Enderby backs starling control

Enderby council has rallied behind the Okanagan-Similkameen Starling Control Program.

Support for starling control has taken flight.

A year after city officials denied funding, it appears Enderby council has rallied behind the Okanagan-Similkameen Starling Control Program.

“We had a really good presentation and we were not only impressed with the information but alarmed by the damage starlings do,” said Mayor Howie Cyr.

Program representatives told council Monday that berries, tree fruits and vineyards can be decimated by starlings, leading to financial losses for growers.

Starlings, which were introduced to North America from Europe in the 1890s, also consume high-value crops and feed at cattle feedlots.

It’s believed starlings generate about $4 million in losses a year for Okanagan farmers.

Starlings are also known to displace native birds, destroying eggs and killing adults.

One of the program’s goals is to create public awareness about starlings as the birds often nest in urban settings and then fly more than 60 kilometres to feed.

Residents are asked to identify and block nesting sites.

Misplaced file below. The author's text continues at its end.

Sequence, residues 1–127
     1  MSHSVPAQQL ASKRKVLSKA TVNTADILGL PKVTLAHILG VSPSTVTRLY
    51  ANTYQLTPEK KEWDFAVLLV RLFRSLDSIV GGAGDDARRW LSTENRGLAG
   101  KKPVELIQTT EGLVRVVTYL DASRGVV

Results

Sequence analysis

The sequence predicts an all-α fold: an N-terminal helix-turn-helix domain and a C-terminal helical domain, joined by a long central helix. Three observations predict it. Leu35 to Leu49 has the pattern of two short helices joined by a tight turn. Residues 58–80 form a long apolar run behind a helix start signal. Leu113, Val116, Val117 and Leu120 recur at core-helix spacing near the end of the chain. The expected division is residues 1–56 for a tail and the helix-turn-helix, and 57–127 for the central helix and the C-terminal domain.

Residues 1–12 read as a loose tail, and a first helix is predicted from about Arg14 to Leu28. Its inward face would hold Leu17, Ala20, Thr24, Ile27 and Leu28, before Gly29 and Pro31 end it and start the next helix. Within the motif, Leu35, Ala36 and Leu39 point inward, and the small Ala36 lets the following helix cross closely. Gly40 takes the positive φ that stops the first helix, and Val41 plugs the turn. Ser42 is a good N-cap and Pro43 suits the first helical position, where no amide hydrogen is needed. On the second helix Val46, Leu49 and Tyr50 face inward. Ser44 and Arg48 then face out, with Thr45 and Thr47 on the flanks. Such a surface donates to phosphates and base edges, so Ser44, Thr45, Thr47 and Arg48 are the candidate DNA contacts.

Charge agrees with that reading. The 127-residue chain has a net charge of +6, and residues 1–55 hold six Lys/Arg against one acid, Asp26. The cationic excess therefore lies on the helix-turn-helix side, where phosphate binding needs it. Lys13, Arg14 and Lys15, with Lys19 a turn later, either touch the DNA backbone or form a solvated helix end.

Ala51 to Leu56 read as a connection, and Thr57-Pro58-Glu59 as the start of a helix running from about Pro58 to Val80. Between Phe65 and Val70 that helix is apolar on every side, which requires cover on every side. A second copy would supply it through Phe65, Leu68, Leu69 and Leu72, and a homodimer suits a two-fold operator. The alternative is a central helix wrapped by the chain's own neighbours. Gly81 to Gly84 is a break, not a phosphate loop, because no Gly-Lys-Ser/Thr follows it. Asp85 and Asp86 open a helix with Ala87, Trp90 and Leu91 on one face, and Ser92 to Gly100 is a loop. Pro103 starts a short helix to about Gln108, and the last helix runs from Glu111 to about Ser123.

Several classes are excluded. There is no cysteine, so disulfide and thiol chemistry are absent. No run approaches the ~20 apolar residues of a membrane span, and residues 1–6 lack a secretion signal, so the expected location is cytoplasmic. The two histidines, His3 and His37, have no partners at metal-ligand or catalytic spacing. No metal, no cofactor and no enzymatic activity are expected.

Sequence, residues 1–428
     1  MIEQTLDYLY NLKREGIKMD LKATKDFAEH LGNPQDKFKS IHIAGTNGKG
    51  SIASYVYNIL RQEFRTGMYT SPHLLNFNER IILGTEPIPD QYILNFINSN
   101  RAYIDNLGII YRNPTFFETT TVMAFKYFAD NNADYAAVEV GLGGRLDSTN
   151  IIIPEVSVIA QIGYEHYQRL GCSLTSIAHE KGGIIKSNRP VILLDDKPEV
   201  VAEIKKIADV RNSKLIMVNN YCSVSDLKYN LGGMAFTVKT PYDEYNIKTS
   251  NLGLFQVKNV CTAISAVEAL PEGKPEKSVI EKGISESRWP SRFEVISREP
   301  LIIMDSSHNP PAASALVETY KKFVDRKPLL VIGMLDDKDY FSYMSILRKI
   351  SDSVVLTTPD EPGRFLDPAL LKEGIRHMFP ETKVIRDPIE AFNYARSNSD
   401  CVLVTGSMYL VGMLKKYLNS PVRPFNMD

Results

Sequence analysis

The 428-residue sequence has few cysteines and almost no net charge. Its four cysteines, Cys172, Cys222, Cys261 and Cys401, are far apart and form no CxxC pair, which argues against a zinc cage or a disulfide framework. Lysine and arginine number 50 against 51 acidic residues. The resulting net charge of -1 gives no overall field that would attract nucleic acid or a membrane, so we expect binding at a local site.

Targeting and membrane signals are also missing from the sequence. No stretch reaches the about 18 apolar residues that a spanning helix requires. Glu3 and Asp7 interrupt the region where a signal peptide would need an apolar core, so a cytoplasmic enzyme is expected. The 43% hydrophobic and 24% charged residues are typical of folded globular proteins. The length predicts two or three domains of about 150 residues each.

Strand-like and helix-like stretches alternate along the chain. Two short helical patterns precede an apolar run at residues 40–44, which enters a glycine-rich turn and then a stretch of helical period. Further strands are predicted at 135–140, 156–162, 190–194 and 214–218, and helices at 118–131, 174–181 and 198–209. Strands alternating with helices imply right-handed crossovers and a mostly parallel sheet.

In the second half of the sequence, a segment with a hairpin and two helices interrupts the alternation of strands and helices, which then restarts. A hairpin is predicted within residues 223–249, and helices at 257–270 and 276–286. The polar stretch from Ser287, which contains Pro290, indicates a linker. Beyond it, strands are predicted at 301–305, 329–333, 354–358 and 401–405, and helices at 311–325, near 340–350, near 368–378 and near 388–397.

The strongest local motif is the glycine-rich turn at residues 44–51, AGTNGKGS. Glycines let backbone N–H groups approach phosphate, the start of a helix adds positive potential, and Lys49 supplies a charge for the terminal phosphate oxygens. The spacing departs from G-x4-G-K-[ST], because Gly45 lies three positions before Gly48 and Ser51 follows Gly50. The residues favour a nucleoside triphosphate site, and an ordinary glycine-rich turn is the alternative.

Through the program, starlings are trapped and sold as food to breeders of hawks and falcons. There were 17,708 starlings caught in the North Okanagan in 2013.

“The starlings are a highly invasive species, and looking at the starling captures from 2009 to date, the traps seem to be  an effective solution in reducing the starling population,” said Coun. Tundra Baird.

Last year, Enderby council voted not to contribute $601 for the program, but Cyr now says that the city didn’t fully understand the magnitude of the starling problem.

“It’s one of the top 100 worst invasive species in the world,” he said.

Currently, the Regional District of North Okanagan is establishing a service to fund starling control annually.

The service includes all municipalities and electoral areas and it will proceed if less than 10 per cent of voters in the region do not sign a petition opposing the function.

“I believe starling control should become a regional function, with all municipalities contributing,” said Baird.

If the service goes ahead, Enderby’s financial contribution will be $610 annually.